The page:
First, let’s go over the RSS ser­vices. I’m rec­om­mend­ing Feed­bin for most peo­ple and Mini­flux for the hard­core nerd. Feed­bin is more expen­sive, but more pol­ished and very Apple-yit just works. Put in your favorite feeds (yup, you are the cura­tor of your media diet), and read just the stuff you want from your favorite pub­li­ca­tions and writ­ers every morning.

Miniflux / $15 per year

How­ev­er, for the tin­kerer look­ing for more con­trol, I rec­om­mend Mini­flux. It’s loads cheaper and but strug­gles with a hor­ri­ble inter­face and poor expe­ri­ence out of the box. Despite that, it comes with a two cru­cial fea­tures: the abil­ity to fetch the full arti­cle (no more read­ing an excerpt then being forced to jump into the full site), as well as being able to spec­ify what con­tent to fetch from the site. Yeah, this is some nerdy stuff, but if you want con­trol, I guess you’ll have to set­tle for this.

Kobo / ~$30–40

Next, the e-read­er. As I men­tioned above, it’s basi­cally impos­si­ble to read books now. If you attempt to read on your phone or your tablet, noti­fi­ca­tions will side­track you within minutes. Grat­i­fi­ca­tion, when it’s not instant, is no com­pe­ti­tion for Insta­gram or YouTube. The only way is to com­pletely dis­con­nect by read­ing on an e-reader.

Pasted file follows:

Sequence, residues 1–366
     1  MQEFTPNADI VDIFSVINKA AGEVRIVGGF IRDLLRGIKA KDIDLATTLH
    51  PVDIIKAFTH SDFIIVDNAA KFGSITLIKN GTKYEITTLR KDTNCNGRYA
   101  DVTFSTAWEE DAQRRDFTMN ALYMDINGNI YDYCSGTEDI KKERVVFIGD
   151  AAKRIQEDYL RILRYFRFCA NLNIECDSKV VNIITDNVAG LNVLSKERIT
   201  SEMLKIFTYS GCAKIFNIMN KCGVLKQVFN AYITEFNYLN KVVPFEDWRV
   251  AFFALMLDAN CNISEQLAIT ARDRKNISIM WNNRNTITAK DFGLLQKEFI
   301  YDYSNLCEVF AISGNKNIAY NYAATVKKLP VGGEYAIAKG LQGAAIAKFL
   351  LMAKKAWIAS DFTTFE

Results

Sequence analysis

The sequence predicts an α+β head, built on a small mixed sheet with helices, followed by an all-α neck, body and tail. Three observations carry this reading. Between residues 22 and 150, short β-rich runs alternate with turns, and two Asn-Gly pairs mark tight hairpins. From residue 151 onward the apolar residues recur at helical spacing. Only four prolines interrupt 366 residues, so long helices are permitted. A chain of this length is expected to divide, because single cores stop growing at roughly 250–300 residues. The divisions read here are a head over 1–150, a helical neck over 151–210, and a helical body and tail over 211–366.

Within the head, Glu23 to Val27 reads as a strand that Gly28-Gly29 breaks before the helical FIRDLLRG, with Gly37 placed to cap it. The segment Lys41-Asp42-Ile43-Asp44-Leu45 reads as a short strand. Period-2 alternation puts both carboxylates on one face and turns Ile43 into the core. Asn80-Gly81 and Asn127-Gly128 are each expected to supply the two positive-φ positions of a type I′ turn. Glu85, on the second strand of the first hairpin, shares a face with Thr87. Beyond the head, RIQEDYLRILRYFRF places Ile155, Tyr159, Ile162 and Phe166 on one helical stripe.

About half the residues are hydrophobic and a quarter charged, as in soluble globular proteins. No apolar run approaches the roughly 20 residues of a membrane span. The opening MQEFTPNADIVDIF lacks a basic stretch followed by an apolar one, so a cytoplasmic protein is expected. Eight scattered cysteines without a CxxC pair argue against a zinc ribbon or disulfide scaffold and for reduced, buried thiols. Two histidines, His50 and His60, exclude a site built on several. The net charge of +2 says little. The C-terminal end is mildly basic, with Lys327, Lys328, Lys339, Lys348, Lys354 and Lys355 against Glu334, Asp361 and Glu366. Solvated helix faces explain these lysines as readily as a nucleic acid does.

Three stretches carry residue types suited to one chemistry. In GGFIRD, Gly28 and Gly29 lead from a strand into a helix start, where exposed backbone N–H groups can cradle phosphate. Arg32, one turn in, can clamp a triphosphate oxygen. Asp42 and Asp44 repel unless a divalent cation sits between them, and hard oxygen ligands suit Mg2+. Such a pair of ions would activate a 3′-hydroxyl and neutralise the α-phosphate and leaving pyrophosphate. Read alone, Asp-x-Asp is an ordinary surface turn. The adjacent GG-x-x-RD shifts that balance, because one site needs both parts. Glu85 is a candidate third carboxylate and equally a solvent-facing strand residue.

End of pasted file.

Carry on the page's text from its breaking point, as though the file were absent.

I rec­om­mend any ran­dom Kobo (with back­light­ing) you can find on Ama­zon or eBay. It works just like any Kin­dle, except you can eas­ily just drop any ebooks into it with­out going through Ama­zon, and it’s crazy cheap. You’ll find a new one for around $40, which I think is a steal when Kin­dle equiv­a­lents are over $100.


Now, for the odds and ends. A pres­sure cooker and a smart speaker.

Instant Pot / ~$80

A cru­cial part liv­ing a happy life (I think) is being able to cook for your­self. The Instant Pot is a life-chang­ing, both in what it can do, and what it can ignite.

First, let’s talk about it can do. This thing can cook with so much pres­sure (there’s so much pres­sure you can make bombs out of this kind of thing, see: Boston). This much pres­sure means you can cook rice in 4 minutes (a reg­u­lar rice cooker takes 20 minutes), or you can get soft stewed meat in 30 minutes (as opposed to 6 hours), and so on. It’s pretty incredible.